Indra and the Ants
In this story from the *Brahmavaivarta Purana*,<http://en.wikipedia.org/wiki/Indra#cite_note-12>  <http://en.wikipedia.org/wiki/Indra#cite_note-13> Indra (king of the demi-gods) orders the heavenly craftsman to build him a grand palace. Full of pride, Indra continues to demand more and more improvements for the palace. At last, exhausted, the craftsman asks Brahma the Creator for help. Brahma in turn appeals to Vishnu <http://en.wikipedia.org/wiki/Vishnu>, the Supreme Being.
Vishnu visits Indra's palace in the form of a boy; Indra welcomes him in.
Vishnu praises Indra's palace, casually adding that no former Indra had succeeded in building such a palace. At first, Indra is amused by the boy's claim to know of former Indras. But the amusement turns to horror as the boy tells about Indra's ancestors, about the great cycles of creation and destruction, and even about the infinite number of worlds scattered through the void, each with its own Indra. The boy claims to have seen them all. During the boy's speech, a procession of ants had entered the hall. The boy saw the ants and laughed. Finally humbled, Indra asks the boy why he laughed. The boy reveals that the ants are all former Indras (kings of the demi-gods).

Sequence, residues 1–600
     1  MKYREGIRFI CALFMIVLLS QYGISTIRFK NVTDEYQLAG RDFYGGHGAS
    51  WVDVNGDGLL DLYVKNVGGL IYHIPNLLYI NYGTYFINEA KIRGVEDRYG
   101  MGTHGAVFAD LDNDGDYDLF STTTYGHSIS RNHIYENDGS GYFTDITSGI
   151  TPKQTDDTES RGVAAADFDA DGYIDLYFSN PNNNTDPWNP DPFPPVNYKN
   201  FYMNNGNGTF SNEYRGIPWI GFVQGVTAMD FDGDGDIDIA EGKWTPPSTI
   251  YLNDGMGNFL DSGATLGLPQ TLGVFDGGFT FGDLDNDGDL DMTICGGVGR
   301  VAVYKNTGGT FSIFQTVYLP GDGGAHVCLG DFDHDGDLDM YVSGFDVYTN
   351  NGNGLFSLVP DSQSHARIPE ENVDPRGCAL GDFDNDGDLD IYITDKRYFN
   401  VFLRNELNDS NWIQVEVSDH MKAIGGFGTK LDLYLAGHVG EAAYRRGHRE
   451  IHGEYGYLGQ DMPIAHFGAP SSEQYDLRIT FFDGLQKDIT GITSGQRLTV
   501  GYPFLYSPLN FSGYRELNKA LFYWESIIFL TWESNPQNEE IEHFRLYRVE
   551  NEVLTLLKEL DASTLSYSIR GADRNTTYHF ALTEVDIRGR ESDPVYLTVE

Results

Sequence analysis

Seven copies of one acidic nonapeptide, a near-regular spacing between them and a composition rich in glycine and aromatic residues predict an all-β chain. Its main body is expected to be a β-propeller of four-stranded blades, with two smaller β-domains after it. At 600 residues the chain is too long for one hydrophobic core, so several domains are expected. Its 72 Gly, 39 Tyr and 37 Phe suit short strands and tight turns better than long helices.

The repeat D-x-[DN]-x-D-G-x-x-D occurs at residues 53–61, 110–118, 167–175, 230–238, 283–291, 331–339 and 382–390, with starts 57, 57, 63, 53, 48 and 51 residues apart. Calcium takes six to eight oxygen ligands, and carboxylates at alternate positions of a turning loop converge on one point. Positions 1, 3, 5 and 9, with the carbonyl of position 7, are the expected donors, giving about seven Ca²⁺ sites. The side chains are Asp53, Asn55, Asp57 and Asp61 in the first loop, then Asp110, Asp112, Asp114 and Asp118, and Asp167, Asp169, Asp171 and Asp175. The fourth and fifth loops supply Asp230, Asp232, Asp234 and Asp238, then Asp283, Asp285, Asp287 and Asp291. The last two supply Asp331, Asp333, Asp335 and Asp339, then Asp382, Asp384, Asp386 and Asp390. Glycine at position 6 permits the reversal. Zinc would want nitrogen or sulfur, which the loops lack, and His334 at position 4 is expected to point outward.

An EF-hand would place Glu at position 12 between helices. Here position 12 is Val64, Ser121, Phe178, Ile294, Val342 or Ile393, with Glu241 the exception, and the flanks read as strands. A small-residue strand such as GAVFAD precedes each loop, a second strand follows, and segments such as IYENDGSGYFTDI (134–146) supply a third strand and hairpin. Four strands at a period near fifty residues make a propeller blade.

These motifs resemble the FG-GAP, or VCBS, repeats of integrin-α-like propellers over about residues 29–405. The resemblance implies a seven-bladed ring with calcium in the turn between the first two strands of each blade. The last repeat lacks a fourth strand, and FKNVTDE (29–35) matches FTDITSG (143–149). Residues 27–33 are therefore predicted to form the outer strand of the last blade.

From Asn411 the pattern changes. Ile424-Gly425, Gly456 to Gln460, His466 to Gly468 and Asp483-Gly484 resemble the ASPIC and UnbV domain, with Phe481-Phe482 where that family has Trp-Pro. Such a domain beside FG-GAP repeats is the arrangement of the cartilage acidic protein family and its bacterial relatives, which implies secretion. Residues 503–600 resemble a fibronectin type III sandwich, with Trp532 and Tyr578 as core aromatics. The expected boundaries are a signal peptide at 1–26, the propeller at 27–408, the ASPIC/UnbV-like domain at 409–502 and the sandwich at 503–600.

No longer interested in wealth and honor, Indra decides to leave his life of luxury to become a hermit and seek wisdom. Horrified, Indra's wife asks the priest to change her husband's mind. He teaches Indra to see the virtues of both the spiritual life and the worldly life. Thus, at the end of the story, Indra learns how to pursue wisdom while still fulfilling his kingly duties.
Take a look at Samsara Dog. It is wonderful and explains the Buddhist concept through the lives of a dog.
Written by Helen Manos and illustrated by Julie Vivas, It is published by Kane/Miller.
There's a great Hindu game on which "Chutes and Ladders" was based called Moksha Patamu or Snakes and Ladders.
It was used to teach reincarnation morality to Hindu children, starting in the 1500's. If you land on the "greed" square, you slide down the snake and get reincarnated as a crow, if you land on the "pride" square you slide down the snake and get reincarnated as a horse.
Then there are the ladders, up to the heavens. If you are generous, you climb the ladder to one of the heavens (there are 7). You win when you enter the heaven of final deliverance.
I found a Brotman/Marshman version of this game in the curriculum archives here where I work. Perhaps you can find one, too! It might have been from "Why Do Bad Things Happen?"